• The new legislation puts a framework in place requiring the IRS to develop a system to provide taxpayers with the option to receive 50% of their 2021 child tax credit in advance. The legislation states that taxpayers may start receiving ½ of their 2021 credits as early as July 1, 2021.
Expansion of Child and Dependent Care Credit for 2021
For 2021, the child and dependent care credit has been significantly expanded as follows:
- The percentage of qualifying expenses eligible for the credit has been increased from 35% to 50%.
- The maximum amount of qualifying expenses on which the credit can be claimed has been increased from $3,000 for one qualifying child ($6,000 for two or more qualifying children) to $8,000 for one qualifying child ($16,000 for two or more qualifying children).
- The percentage of eligible expense that qualify for the credit currently starts to phase-out when a taxpayer’s AGI reaches $15,000. For 2021, the AGI phase-out will not start until taxpayer’s AGI reaches $125,000.
- The credits will be fully refundable for 2021.
Increase in Exclusion for Employer Provided Dependent Care Assistance for 2021
For 2021, taxpayers may exclude, from their taxable income, up to $10,500 that they receive from their employers under a dependent care assistance program. Prior to this legislation, that limit was set at $5,000.
Taxation of 2020 Unemployment Benefits
A last-minute addition to the bill provides certain taxpayers the ability to exclude up to $10,200 of unemployment benefits from their 2020 federal taxable income. This exclusion is only available to taxpayers who have less than $150,000 of modified AGI for 2020. This means taxpayers that have already filed their 2020 income tax returns and included these amounts in taxable income can file an amended return to claim a refund of the federal taxes they paid on the first $10,200 of unemployment benefits.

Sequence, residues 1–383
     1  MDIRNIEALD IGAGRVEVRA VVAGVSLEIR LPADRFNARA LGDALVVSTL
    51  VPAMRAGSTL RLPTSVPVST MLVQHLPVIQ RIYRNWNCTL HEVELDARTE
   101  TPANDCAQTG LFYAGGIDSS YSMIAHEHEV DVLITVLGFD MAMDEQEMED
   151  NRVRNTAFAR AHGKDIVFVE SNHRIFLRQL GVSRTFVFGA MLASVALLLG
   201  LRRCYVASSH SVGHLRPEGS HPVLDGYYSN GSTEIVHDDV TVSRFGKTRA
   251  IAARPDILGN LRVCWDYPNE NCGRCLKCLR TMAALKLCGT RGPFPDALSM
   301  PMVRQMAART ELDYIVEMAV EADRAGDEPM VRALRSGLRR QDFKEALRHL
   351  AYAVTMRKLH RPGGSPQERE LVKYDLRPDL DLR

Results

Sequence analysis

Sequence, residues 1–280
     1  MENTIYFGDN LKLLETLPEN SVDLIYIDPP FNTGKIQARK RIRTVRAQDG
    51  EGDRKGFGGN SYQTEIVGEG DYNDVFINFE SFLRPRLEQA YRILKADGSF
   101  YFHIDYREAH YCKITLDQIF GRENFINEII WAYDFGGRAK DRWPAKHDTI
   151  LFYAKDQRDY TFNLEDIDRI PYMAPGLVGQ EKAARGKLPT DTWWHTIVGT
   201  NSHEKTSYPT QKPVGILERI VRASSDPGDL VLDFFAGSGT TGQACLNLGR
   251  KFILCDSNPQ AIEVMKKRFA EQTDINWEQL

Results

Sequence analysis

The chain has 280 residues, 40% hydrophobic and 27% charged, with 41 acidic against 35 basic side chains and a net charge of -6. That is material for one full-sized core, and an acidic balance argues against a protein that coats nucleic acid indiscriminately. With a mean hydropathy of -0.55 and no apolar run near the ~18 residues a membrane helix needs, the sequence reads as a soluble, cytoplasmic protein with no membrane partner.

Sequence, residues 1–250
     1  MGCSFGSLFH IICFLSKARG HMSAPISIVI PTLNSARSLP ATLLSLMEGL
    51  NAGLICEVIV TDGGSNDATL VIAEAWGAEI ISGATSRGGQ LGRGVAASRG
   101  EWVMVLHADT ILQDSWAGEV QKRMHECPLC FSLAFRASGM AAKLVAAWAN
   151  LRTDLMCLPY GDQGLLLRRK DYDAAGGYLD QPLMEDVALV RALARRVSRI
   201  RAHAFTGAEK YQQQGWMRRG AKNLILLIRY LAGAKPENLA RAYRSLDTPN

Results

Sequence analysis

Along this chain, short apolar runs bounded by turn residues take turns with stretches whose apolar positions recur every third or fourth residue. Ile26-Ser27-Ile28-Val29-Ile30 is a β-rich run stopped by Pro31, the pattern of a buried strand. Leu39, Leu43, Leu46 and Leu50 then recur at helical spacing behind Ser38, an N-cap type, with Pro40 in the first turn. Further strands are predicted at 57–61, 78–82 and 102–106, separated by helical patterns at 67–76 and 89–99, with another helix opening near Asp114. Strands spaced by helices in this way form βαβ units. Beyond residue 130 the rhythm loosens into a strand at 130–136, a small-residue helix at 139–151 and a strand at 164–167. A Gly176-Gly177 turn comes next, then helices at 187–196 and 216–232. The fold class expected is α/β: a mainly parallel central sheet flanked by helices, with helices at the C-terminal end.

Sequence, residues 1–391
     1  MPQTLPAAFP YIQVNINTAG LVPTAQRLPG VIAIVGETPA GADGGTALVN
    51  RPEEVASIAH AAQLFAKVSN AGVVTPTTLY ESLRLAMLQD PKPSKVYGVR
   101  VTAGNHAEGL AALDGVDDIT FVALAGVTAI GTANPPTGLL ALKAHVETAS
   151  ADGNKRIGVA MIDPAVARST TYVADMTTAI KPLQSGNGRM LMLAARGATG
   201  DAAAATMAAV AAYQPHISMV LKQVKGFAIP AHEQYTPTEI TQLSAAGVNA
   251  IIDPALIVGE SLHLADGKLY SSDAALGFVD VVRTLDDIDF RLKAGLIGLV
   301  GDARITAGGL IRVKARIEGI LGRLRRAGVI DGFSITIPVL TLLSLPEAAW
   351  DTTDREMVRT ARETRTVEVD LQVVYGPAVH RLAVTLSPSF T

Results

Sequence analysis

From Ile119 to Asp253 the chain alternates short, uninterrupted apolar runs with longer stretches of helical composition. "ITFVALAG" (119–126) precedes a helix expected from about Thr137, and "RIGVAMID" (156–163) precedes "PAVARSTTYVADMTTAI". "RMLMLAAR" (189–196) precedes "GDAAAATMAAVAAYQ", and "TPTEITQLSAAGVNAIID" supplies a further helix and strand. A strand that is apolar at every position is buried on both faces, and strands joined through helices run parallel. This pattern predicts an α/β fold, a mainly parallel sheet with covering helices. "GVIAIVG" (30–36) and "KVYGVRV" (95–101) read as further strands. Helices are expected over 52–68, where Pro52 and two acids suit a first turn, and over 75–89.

Click Here – to read our more in-depth article regarding the changes to and expansion of the unemployment benefits enacted as part of this legislation.
Changes to the Affordable Care Act (ACA) Premium Assistance Payments/Subsidies
The legislation reduces the premium percentages for 2021 and 2022 resulting in eligible individuals receiving higher premium tax credits during 2021 and 2022. The legislation also includes a provision that will allow taxpayers that receive unemployment compensation anytime during 2021 to be eligible for premium assistance payments regardless of their household income levels.
For 2020 tax years, the provision requiring individuals to repay excess premium credits they received during 2020 has been eliminated. This means individuals who did not correctly estimate their income levels for 2020 and who received excess advanced premium credits during 2020 will not be required to pay those premiums back when reconciling the credits on their 2020 tax return.
Exclusion of Student Loan Forgiveness from Taxable Income
The legislation provides that specified student loans discharged during 2021 through 2025 will be excluded from taxable income, regardless of the reason the loans are forgiven. There is not a current provision to discharge any student loan debt; however, there has been a lot of support for there to be legislative action taken to discharge a certain amount of student loan debt. Should that action be taken in the future, this provision should ensure those amounts are not taxable.